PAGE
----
What is a bear market?
There is nothing the bull dreads more than the stock market getting attacked by the bear. However, what do these animal symbols really mean? The answer to that question lies in the way bulls and bears fight.
A bull charges head-on, kicking and sending anything in its path up with its horns. This is what happens when the bull market strikes and stock prices go up, often to a point where they are no longer a realistic match for their performance. This is when bulk selling happens and profits are registered.
In the bear market, shares decline, much beyond their expected prices, just as a bear claws and pins its opponent in a fight. Naturally, selling when the bear has taken over the stock market often leads to losses. But, waiting anytime longer can lead to enormous losses.
So, by this definition, it would seem that the stock market should always be run by the bull. But then how and why does the bear come into the picture?
What causes a bear market
A bear market is not to be confused with a correction. Often when equities are overpriced, market indicators hint at an overdue correction. A correction happens when the share falls by 10 per cent minimum or more from its preceding peak and this decline could very well go on for up to two months. However, it’s a short-haul decline and many shares often rise back up and even beyond their forecasted peaks.
In the case of a bear run, it could be for one sector, one share, or even the whole index. A bear run can also last for years at a stretch, with prices constantly depreciating or not moving enough to cause wealth appreciation.
So, what causes this rough patch?
The longest bear spells in the past have almost always been due to the following factors:
- A long bull season
- Inflation rates
- Increase in interest rates
- Unfavourable monetary policies
- A slump in business/transactional activities
Is a bear run unavoidable
In recent history, with stock markets all over the world going sky-high post the pandemic, warnings and expert recommendations to book profits have been going off. The bear market is supposedly just around the corner. However, it isn’t here yet. There have been corrections in the Sensex, but it’s the first time it has tested and maintained a level of 54,000+.
From here on, it could either be a quick walk to 60,000 points or it could be a sudden dump, maybe even all the way back down to 40,000 points, which was the pre-pandemic level.
Considering how business activities and financial performance was impacted during the pandemic, one would imagine this hike is unreasonable. We have been hearing the alarm bells going off since December 2020, with economists and market biggies preparing us to “brace for an impact”.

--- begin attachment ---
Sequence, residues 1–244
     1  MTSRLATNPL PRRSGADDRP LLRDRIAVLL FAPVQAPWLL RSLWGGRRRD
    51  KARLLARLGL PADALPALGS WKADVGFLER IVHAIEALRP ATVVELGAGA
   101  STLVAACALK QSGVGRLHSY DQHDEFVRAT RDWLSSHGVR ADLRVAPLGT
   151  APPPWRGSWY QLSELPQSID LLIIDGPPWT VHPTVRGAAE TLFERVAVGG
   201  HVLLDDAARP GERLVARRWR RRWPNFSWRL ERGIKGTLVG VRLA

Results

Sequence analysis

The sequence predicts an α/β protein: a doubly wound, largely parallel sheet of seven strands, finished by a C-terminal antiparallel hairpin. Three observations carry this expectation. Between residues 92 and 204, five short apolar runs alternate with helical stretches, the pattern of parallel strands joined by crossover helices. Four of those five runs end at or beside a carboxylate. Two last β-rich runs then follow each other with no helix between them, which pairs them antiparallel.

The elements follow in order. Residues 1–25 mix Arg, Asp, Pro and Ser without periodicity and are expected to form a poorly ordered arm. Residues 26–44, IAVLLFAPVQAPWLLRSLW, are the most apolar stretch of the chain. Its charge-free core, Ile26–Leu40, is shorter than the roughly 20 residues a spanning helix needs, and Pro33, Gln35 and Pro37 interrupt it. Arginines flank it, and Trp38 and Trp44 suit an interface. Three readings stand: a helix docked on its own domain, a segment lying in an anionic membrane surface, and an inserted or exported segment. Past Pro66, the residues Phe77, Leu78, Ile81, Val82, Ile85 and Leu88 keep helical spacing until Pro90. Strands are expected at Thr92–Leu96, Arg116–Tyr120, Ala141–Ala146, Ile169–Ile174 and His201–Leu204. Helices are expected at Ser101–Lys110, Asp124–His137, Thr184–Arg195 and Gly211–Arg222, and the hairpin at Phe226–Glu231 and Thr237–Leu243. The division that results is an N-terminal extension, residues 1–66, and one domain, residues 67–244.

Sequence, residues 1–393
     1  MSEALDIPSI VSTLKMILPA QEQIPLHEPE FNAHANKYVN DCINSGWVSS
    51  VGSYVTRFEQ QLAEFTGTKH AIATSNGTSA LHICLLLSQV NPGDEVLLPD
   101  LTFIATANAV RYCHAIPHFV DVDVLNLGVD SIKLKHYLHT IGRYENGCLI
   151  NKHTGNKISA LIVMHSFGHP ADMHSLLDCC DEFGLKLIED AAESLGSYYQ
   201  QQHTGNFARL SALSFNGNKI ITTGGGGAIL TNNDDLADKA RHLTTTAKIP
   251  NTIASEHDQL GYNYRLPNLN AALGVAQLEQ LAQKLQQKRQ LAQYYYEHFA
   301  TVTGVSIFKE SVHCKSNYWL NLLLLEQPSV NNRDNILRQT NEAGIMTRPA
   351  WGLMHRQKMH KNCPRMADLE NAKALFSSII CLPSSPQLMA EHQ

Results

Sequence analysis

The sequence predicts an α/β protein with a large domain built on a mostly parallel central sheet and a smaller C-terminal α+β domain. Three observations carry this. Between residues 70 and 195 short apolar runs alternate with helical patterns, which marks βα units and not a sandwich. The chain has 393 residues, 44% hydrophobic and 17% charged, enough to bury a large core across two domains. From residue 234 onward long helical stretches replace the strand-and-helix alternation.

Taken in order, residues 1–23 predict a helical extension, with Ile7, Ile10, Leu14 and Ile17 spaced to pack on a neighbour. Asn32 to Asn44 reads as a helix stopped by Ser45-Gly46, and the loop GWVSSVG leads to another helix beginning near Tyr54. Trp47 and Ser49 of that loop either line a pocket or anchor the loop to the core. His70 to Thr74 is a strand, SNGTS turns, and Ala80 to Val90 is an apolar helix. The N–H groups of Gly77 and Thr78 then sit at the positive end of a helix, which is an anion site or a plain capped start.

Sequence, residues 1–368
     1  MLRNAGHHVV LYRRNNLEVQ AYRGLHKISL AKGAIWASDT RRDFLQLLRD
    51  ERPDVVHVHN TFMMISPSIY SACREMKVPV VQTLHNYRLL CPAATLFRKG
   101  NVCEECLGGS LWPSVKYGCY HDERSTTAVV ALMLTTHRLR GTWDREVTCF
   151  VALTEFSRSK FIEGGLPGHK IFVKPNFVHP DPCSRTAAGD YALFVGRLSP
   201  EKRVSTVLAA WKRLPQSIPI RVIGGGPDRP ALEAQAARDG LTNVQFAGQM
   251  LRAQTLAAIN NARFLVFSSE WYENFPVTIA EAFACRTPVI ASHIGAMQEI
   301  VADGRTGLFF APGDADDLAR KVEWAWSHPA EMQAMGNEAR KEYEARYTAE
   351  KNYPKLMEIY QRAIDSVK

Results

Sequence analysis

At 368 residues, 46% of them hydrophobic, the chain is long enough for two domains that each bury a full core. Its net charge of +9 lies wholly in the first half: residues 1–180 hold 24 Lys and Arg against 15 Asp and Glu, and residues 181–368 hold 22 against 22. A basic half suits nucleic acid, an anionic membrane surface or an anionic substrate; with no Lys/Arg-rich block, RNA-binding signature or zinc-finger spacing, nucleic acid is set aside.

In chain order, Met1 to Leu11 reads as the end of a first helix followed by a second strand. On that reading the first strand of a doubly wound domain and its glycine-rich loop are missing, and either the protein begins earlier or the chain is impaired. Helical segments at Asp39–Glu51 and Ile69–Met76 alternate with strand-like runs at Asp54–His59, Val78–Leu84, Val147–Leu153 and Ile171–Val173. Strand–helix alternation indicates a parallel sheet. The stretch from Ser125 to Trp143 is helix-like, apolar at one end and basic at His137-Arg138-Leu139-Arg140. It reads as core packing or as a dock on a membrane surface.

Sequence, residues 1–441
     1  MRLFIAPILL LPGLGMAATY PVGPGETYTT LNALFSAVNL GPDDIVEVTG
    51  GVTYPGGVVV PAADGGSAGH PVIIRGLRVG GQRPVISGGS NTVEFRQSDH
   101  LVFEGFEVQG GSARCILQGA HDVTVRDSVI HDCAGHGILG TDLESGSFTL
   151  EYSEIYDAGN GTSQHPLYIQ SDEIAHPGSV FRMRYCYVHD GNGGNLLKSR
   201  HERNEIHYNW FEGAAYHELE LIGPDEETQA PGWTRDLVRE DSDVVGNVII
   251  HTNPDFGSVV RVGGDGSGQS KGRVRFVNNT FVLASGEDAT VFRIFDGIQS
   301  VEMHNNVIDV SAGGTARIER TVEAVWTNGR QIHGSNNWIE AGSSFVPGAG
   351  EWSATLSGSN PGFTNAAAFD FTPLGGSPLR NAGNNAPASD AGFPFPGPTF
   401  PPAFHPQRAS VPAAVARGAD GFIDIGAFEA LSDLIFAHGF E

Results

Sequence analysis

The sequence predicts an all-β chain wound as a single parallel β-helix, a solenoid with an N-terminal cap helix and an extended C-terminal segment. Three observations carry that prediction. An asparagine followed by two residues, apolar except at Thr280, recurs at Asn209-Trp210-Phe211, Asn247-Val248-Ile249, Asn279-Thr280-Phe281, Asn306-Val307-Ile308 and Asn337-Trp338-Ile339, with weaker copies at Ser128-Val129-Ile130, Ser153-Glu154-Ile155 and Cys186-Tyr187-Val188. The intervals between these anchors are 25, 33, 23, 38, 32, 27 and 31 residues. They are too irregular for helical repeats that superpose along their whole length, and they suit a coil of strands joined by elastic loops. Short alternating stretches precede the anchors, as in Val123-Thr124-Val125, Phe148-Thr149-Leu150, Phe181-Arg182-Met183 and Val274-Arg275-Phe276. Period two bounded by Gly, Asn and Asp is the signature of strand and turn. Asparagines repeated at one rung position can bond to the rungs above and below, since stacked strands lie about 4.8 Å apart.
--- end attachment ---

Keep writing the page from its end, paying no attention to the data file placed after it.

But, here we are in August 2021, and it’s all well. So have we avoided a bear season this time around?
That is a hard question to answer. No one can predict for sure. However, considering the rise, it’s natural to assume there would be falls too. Many experts believe that what follows is a long consolidation period, which could stretch for years. Even if we haven’t avoided the bear yet, and the market falls beyond 10 per cent, we could still be looking at a silver lining here.
Advantages of a bear market
It can be unnerving to shell money out during a market that won’t stop falling. However, there is an upside:
Benefit of compounding:
A bull run is never a good time to invest, as most shares are overpriced when the indices won’t stop climbing. However, one has to get into the market somewhere. If you have entered during the bull’s match, you have the opportunity to lower your buying prices when the bears hit. The bear market would burrow the prices much lower than expected to help you average your cost out.
Get valuable companies in the portfolio:
The bear market is where quality investors are made who believe in value investing. When the market slumps, quality firms too. A decline is a perfect opportunity to stock up and prepare for a long-term profit.
Bear market investing strategies
The above points make a good case for why an investor could look into buying more during a bear spell, however, how does one make profits during the bear’s regime. This is how:
Balancing your portfolio for a bear market:
Certain sectors are known to perform better during the bear time. FMCG, personal care, food and other industries which profit from rising inflation rates could help. Debt funds also provide stable, although lesser, gains during a bear market.
Bear market trading strategies
The investor borrows shares in return for lending fees and sells them at a higher price in the market. Since the shares were borrowed, they have to be returned after a fixed time. When the market further slides, the investor buys the shares again at lower prices and returns them. It works in a bear market when shares get cheaper by the day.
Buy on margin:
The investor buys shares on the money borrowed from the broker and sells them at a higher price. The borrowed money is returned with interest and the remainder is the profit.
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